Joe Biden is mounting a more aggressive offense against President Donald Trump with a rare public appearance Monday where he will say that a second term for Trump will mean more violence in America’s streets — not less.
“Does anyone believe there will be less violence in America if Donald Trump is reelected?” Biden plans to say in a speech from Pittsburgh. “We need justice in America. And we need safety in America. We are facing multiple crises – crises that, under Donald Trump, keep multiplying.”
The speech marks a new phase of the campaign as Biden steps up his travel after largely remaining near his home in Wilmington, Delaware, to prevent the spread of the coronavirus. And after centering his candidacy on Trump’s mishandling of the pandemic, Biden is making a broader push to argue that Americans won’t be safe if he wins reelection. That’s an effort to blunt Trump’s “law and order” message, which the president is emphasizing as some protests against racial injustice have become violent.
The Democratic presidential nominee is set to accuse Trump of long ago forfeiting “any moral leadership in this country. He can’t stop the violence — because for years he has fomented it.”
“He may believe mouthing the words law and order makes him strong, but his failure to call on his own supporters to stop acting as an armed militia in this country shows you how weak he is,” Biden said.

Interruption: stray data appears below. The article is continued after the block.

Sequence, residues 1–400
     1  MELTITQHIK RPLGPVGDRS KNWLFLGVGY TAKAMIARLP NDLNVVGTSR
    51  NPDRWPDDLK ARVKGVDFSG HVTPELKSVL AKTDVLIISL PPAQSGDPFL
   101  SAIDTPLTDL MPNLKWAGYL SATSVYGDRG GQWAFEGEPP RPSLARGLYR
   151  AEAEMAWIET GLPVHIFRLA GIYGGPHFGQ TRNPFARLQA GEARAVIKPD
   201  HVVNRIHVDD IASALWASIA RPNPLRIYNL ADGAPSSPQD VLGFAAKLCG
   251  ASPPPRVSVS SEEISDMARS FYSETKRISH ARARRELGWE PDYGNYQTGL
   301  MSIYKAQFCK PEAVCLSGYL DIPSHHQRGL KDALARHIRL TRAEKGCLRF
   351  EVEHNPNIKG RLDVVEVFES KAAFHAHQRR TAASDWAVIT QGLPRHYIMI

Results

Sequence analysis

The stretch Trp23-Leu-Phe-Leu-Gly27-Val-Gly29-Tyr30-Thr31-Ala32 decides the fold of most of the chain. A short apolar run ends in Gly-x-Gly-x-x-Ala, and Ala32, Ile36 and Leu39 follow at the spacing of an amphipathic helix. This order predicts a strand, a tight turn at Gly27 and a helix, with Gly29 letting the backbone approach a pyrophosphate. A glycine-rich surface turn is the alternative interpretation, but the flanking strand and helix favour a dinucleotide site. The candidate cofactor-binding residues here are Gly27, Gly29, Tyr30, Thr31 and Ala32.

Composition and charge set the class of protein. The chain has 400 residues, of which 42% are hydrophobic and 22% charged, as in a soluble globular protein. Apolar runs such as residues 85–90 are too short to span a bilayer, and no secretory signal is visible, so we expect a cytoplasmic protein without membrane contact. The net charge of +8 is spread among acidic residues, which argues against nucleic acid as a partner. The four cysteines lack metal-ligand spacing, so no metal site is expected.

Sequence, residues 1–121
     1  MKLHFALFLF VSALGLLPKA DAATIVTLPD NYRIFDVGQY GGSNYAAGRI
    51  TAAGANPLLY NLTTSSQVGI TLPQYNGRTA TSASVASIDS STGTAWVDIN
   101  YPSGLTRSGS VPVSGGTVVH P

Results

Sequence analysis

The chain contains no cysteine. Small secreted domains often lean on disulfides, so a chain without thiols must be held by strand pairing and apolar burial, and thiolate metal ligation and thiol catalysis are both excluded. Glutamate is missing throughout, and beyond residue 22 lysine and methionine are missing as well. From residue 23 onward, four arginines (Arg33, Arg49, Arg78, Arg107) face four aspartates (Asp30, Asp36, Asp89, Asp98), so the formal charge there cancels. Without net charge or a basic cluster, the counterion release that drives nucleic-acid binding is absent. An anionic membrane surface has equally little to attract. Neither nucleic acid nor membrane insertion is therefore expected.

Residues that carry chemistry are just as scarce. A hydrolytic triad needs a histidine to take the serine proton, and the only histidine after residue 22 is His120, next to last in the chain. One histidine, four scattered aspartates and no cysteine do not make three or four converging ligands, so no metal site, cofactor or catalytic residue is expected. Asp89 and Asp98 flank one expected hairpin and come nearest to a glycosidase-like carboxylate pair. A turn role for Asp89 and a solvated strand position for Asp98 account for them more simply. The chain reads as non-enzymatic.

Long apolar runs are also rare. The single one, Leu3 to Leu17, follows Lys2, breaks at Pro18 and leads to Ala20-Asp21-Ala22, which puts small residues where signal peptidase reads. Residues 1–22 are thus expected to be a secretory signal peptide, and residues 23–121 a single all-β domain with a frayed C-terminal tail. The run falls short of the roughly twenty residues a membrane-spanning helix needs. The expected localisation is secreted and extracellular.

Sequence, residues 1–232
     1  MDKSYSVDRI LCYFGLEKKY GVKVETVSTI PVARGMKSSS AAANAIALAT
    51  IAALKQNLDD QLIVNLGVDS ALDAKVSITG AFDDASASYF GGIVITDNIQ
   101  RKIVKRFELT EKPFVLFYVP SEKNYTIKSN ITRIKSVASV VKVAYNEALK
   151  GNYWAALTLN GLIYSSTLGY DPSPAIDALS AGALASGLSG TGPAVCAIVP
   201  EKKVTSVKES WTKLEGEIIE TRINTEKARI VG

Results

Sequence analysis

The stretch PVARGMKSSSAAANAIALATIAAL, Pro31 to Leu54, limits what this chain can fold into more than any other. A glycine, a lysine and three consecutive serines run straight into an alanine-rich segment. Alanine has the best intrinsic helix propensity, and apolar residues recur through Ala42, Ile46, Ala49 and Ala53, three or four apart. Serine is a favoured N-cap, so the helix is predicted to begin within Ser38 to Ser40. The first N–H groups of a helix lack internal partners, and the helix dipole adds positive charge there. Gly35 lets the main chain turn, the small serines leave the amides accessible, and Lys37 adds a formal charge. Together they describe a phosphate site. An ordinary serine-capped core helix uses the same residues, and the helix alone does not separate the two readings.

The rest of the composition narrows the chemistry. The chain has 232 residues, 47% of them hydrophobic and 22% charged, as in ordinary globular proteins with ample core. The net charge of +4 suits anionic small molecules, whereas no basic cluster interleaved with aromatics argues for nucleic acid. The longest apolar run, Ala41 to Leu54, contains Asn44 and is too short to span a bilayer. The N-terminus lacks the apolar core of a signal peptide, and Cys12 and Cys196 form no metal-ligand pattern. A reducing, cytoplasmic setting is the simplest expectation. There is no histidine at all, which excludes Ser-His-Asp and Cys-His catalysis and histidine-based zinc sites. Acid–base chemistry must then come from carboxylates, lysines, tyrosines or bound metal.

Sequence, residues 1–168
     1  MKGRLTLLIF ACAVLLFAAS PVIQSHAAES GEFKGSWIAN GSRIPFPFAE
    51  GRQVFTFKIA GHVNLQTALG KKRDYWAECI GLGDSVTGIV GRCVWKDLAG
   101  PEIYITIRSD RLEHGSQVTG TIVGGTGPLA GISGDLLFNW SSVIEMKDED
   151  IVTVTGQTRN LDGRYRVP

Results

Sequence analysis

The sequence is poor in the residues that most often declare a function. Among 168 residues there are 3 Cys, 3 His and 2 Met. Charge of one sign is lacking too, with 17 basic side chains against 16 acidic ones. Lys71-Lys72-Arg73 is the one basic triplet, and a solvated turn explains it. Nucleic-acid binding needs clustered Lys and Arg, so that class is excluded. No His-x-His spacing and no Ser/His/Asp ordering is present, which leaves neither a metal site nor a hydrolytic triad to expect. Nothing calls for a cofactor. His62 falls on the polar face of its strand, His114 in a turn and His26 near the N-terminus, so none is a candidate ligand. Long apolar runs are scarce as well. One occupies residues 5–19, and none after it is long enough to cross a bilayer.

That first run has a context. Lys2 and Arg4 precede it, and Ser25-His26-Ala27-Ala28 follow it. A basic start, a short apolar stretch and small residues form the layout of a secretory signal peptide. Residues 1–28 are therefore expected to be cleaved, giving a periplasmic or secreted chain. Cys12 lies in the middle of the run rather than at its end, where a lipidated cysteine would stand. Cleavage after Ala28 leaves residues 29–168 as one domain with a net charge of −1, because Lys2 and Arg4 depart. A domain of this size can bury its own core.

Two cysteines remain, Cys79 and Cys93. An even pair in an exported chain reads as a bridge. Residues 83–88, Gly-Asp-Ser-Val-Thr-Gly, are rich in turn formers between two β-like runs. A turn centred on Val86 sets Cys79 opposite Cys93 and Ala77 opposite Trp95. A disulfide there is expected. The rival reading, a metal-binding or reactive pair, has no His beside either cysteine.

Biden is seeking to cast recent protests as the Trump administration’s problem. Trump and Republicans are highlighting violence at protests as examples of what the country will look like under a Biden administration.
In Kenosha, Wisconsin, the National Guard was deployed to quell demonstrations in response to a police shooting of a Black man that have resulted in looting, vandalism and the shooting deaths of two protesters.
And this weekend, one of Trump’s supporters was shot at a demonstration in Portland, Oregon, prompting multiple tweets from Trump himself, including one late Sunday erroneously accusing Biden of failing to criticize the “agitators” at the protests.
“We are facing multiple crises — crises that, under Donald Trump, keep multiplying. COVID. Economic devastation. Unwarranted police violence. Emboldened white nationalists. A reckoning on race,” Biden plans to say. “Declining faith in a bright American future. The common thread? An incumbent president who makes things worse, not better.”
The former vice president echoed similar sentiment in a statement on Sunday, denouncing the violent acts.
“I condemn violence of every kind by anyone, whether on the left or the right. And I challenge Donald Trump to do the same,” he said in the statement.
Portland has seen nearly 100 consecutive nights of Black Lives Matter protests and many have ended with vandalism to federal and city property.
Trump and other speakers at last week’s Republican National Convention frequently highlighted incidents of violence at protests that were sparked by the police killing of George Floyd last May, charging that if Biden is elected in November such incidents will become the norm.
Biden has repeatedly denounced violence at these protests, and last week accused Trump of viewing the violence as a “political benefit.”
“He’s rooting for more violence, not less. And it’s clear about that,” he said.